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I'm rather new to C++, I have a bit of experience with MCV programming in Java. im using GTKmm on C++ What I'm trying to do is writing an application for teaching assistants to submit and edit applications to various positions, and administrators to come in view, and accept these applications.

What I'm trying to do at the begging is create 3 'frames' (I'm working on the submitting application for students only at the moment)

  • This first will have 2 buttons 1 for selecting if you're a student/admin

  • Upon clicking you're a student I want to hide this frame and show my second frame

  • The second frame will have another 2 buttons one for creating an application, and the other for editing applications

My core problem is that I don't understand how to switch between the frames, I've written all the code for my Model, and understand everything I want it to do however I cant seem to find how to do this...

My only idea would be to create windows for each of these, make them look all nice w/e, then when a button is pressed have that window close and a string written to file I can access to see which button has been pressed, then open a new window accordingly. Should I do it like this or is there a better way?

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I think I can suggest a better/more idiomatic option for any version >= GTK+ 3.10 - which, to be fair, arrived about half a year after the accepted answer.

If you want to switch between widgets one-at-a-time without any accessories like tabs, then a Gtk::Stack seems like a better option. Because it's specifically geared for one-at-a-time presentation, without any redundancy and (theoretical) overhead from a Notebook's manual tabbing features, which you'd just be disabling straight away! It's a container with multiple children, with one visible at any given moment, and of course methods to change the active child.

You can hook up your own widgets and/or events to manage which of the Stack's children is shown. Alternatively - albeit possibly just restoring the redundancy in this case - there's a StackSwitcher companion widget, which is pretty much a vertical tab-bar as seen in the GTK+ demo and GNOME Tweak Tool.

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Easiest way is to use a Notebook widget. You can hide the tabs since you will be controlling which page is showing, using method set_show_tabs(false). Put the top level widget for each of your frames in a pane using method append_page(), and switch between them using set_current_page(). You might want to hide the notebook's bevel if it's distracting, using method set_show_bevel(false).

Use signals to make a widget (e.g. "I'm a student" button) on one page do something (e.g. go to the second page). If you don't know what this means or how to do it, go through the gtkmm tutorial, it will explain this and more.

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  • Can the notebook take up the whole area of the program essentially acting just like a frame? Or is there a visible border even if the tabs are hidden?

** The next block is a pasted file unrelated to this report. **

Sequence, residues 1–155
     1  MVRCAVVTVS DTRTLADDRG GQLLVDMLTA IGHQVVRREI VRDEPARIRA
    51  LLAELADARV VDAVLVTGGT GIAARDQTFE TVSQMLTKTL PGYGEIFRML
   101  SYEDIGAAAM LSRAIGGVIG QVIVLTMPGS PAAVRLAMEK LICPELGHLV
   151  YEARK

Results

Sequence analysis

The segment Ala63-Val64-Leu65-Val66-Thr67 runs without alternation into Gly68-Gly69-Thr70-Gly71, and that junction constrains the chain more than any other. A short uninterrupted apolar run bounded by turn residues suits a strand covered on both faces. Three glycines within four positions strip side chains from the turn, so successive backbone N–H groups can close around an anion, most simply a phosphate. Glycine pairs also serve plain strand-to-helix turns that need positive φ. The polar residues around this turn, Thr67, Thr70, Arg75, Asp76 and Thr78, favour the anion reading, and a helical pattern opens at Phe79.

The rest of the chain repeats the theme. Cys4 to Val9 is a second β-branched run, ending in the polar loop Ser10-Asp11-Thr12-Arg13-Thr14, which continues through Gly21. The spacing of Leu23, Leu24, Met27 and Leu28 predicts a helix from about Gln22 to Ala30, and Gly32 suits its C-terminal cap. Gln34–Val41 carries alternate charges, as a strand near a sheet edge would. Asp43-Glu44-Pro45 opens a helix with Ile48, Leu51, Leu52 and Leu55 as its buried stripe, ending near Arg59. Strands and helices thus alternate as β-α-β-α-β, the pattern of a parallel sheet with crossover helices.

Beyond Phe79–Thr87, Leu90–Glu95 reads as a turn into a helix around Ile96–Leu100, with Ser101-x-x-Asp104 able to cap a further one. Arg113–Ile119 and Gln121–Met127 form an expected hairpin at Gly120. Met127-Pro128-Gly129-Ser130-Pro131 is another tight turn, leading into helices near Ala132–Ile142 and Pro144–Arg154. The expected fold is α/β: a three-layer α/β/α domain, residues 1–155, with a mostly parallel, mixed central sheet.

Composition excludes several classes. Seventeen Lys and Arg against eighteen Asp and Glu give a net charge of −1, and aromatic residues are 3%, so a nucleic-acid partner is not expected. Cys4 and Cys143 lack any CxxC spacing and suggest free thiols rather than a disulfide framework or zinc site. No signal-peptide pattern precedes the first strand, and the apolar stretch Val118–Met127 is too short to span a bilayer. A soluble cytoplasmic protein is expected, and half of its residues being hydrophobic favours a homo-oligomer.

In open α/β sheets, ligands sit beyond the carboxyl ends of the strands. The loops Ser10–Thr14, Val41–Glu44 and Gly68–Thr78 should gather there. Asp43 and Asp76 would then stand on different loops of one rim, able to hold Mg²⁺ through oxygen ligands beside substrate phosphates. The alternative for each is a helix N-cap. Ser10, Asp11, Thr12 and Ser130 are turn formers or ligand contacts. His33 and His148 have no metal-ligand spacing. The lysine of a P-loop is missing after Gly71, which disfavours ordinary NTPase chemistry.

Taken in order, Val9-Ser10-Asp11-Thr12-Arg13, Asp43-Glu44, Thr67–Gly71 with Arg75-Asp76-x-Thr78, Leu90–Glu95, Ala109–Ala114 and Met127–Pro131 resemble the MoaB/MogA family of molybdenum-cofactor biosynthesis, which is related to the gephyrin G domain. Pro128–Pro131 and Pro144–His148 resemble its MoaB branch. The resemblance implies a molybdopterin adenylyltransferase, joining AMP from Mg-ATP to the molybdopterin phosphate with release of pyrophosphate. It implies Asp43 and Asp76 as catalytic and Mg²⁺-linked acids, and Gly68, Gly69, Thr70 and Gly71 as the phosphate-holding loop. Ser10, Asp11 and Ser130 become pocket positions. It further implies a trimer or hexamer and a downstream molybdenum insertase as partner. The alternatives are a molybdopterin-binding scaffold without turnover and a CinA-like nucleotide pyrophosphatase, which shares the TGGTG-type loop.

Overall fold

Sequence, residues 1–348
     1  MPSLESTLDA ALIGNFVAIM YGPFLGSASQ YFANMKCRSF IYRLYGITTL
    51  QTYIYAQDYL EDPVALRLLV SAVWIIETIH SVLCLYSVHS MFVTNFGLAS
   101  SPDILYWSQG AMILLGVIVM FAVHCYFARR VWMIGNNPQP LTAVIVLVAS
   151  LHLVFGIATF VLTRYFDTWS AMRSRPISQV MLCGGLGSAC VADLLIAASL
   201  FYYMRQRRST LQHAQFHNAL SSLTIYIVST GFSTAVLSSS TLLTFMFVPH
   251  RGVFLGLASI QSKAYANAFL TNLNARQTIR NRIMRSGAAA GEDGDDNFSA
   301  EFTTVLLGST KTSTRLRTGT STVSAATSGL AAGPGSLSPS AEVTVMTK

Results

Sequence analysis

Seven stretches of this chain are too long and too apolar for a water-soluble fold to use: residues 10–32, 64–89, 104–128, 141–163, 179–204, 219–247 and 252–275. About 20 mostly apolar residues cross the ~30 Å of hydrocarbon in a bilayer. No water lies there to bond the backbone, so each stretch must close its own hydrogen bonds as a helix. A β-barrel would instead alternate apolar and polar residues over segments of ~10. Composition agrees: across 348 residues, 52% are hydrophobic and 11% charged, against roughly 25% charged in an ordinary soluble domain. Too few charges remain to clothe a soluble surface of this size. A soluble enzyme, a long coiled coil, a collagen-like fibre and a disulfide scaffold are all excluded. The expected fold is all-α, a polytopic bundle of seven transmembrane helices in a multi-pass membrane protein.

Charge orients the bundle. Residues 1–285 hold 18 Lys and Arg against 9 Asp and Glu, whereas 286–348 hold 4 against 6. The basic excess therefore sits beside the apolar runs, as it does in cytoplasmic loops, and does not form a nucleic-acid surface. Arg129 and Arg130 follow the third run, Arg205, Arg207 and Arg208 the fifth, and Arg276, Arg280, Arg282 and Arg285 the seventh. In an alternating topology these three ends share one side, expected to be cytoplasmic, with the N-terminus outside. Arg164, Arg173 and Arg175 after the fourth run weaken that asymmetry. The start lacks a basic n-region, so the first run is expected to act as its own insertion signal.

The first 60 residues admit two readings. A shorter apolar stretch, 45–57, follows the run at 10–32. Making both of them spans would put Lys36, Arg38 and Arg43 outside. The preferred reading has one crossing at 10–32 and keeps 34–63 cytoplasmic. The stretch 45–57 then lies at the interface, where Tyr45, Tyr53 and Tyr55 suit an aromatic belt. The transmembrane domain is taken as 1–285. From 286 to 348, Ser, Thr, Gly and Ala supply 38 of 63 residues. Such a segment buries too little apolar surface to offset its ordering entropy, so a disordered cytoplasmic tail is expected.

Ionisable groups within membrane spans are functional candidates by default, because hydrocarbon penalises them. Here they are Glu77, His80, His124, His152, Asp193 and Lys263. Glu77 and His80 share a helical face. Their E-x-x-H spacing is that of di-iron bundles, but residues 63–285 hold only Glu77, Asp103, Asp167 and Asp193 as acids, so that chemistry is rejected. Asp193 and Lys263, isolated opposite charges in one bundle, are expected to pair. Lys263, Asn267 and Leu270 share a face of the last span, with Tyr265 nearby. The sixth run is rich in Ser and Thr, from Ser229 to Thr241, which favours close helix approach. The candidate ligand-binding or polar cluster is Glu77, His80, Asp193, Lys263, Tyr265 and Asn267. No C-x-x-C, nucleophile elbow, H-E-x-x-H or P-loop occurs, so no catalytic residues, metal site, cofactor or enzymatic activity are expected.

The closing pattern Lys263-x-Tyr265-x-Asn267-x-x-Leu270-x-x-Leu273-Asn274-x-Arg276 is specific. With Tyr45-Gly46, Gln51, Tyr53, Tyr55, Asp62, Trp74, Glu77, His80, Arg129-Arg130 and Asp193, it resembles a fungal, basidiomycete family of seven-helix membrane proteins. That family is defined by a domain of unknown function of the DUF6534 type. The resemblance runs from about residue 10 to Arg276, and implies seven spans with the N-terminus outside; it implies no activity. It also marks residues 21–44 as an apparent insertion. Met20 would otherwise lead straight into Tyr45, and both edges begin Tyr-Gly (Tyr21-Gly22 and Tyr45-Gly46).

– NULL
    Apr 7 '16 at 19:32
  • It's been awhile since I did any gtk programming, but I seem to recall none of the of "tab" stuff shows up if you disable the bevel and tabs. You'll have to try it to make sure.
    – ergosys
    Apr 8 '16 at 4:59
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A bit too late ! But here is my try :

Gtk::Notebook is great but it is not ideal in switching between app frames on menu item clicks. Gtk::Stack, since gtkmm 3.10, exists to mitigate this. Assuming you're using glade and Gtk::Builder :

class

class AppName : public Gtk::ApplicationWindow
{
public:
//...Your app methods and callbacks
void on_mb_itemname_selected(); // The call back for our menu item click/select
private:
//Builder which will help build the app from a .glade file
Glib::RefPtr<Gtk::Builder> _builder;
//...
//Your menu item to activate a particular frame
Gtk::MenuItem * _mb_itemname;
//Your handle to Gtk::Stack which is usually the stack for the whole app
 Gtk::Stack * _app_stack;
//...
}

constructor

AppName::AppName(BaseObjectType *cobj,
                 Glib::RefPtr<Gtk::Builder>& ref_builder)
                :Gtk::ApplicationWindow(cobj),_builder(ref_builder)
{
//.. Other setup
_builder->get_widget("your_glade_id_to_stack",_app_stack);
_builder->get_widget("your_glade_id_to_menu_item",_mb_itemname);

// Connect signal_select of our menu item to appropriate signal handler.
mb_itemname->signal_select().connect(
          sigc::mem_fun(*this,&AppName::on_mb_itemname_selected));
}

our callback

void AppName::on_mb_itemname_selected()
{
// Change the visible child of the stack concerned.
Gtk::StackTransitionType ttype = STACK_TRANSITION_TYPE_NONE;
_app_stack->set_visible_child("your_widget_name",ttype);
// Note that widget name is not widget glade id.
// You can set  your widget under name Packing -> Name
return; 
}

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